Affiliations: University of Alaska, Fairbanks
Abstract: The subsurface structure of Alaska contains clues to its formation and evolution over geologic time. Today, tectonic forces of subduction and collision are manifest in earthquake activity across the entire state. The NSF-sponsored EarthScope Seismic Array was fully deployed in 2017, enabling new high-quality geophysical data collection in large, remote regions of the state. I will discuss recent and ongoing studies of earthquakes and seismic imaging in Alaska, with a focus on crustal faulting. I will also convey how 3D seismic wavefield simulations can be used to understand the complexities of the recorded wavefield, as well as to guide improvements to tomographic models of crustal and upper mantle structure.
2022 CSEG Distingished Lecture: Geophysics..the future is so bright, we have to wear shades
Date/Time: Oct 20th 2022 (Thursday), 4-5 pm
Speaker: Dr. Rachel Newrick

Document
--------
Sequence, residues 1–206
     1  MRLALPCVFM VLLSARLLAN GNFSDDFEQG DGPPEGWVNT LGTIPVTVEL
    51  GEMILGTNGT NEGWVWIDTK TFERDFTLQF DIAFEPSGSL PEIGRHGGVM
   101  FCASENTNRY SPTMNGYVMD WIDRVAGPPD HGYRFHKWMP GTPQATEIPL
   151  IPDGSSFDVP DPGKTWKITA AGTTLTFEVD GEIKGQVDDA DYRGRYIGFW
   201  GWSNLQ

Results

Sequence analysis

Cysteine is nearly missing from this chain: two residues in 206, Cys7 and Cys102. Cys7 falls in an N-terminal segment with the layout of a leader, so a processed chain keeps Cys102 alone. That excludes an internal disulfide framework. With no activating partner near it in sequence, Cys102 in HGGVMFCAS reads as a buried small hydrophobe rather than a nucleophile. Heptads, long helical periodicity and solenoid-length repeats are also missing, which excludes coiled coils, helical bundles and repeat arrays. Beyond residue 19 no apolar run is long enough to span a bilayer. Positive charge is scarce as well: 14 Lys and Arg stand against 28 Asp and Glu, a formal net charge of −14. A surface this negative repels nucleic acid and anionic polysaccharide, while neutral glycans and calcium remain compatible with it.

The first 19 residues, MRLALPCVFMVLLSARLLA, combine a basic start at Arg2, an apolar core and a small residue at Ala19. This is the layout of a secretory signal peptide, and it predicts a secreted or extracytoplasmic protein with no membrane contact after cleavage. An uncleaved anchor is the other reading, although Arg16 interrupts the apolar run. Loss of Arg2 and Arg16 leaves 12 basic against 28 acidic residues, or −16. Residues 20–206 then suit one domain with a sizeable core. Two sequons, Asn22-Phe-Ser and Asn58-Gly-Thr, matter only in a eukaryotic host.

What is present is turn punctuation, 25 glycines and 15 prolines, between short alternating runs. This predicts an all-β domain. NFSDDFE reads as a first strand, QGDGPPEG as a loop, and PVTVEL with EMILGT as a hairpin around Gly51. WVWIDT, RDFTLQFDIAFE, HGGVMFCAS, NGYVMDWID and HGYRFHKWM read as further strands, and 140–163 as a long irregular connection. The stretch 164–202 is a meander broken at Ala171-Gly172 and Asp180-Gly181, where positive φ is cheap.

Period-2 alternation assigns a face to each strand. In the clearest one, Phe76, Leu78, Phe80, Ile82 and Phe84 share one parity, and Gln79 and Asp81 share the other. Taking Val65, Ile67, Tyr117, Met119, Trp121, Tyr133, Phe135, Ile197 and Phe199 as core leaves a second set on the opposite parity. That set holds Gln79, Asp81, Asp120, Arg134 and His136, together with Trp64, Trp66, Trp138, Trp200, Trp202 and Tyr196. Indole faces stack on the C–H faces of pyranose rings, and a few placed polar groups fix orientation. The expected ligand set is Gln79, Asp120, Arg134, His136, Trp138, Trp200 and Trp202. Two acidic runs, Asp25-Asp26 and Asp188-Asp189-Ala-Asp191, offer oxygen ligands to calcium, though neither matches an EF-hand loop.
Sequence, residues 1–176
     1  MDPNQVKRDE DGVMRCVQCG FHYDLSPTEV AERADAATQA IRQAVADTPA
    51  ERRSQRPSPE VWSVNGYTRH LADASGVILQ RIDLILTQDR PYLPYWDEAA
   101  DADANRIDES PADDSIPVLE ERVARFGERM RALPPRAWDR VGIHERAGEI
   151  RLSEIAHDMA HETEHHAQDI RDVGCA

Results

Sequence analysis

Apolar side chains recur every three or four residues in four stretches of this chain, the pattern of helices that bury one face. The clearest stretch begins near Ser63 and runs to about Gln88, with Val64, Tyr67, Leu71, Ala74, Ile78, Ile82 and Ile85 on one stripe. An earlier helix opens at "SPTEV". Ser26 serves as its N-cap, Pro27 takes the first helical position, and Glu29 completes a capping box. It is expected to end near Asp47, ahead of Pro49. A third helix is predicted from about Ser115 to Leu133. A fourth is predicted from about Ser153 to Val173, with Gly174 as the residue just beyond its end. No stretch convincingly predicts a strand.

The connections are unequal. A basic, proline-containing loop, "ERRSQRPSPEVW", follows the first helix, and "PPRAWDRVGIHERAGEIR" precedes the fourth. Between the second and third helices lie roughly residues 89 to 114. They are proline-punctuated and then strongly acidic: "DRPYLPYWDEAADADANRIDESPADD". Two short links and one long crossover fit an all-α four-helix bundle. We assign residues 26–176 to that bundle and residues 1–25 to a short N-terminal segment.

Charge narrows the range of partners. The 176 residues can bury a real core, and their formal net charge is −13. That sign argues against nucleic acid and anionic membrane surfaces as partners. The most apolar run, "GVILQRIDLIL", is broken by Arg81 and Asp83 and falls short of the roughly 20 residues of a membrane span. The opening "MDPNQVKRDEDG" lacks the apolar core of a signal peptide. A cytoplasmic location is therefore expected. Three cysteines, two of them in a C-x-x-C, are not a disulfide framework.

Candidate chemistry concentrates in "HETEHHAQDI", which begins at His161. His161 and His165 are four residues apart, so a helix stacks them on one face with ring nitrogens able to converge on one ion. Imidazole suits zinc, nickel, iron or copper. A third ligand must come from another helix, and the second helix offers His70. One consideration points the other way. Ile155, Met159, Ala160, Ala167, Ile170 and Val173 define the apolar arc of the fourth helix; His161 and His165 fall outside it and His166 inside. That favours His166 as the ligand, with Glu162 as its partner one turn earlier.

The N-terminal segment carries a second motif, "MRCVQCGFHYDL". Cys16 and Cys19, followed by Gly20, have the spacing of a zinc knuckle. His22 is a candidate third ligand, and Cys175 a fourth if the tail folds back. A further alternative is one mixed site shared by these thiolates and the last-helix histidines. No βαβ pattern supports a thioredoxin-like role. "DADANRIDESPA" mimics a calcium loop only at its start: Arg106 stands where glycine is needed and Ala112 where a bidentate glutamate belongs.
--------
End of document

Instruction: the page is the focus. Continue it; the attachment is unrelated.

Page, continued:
Abstract: The world is facing many global challenges: poverty, insufficient clean water supply, hunger and a lack of energy security amongst others. To tackle them, the world needs critical thinkers, who are curious and inventive. Utilizing a variety of skills and technologies, geophysicists play a significant role in helping the world meet the 2030 UN sustainable development goals. Geophysicists interrogate the subsurface to locate oil, gas, minerals, water, brine, subsurface reservoirs for carbon sequestration, and to improve our understanding of hazards, earthquakes etc. The thought process that we use in exploration can be used as we look forward to the future, progressing oddities to leads and prospects. The future is bright for geophysicists, and for the world because geophysicists are helping address many global challenges.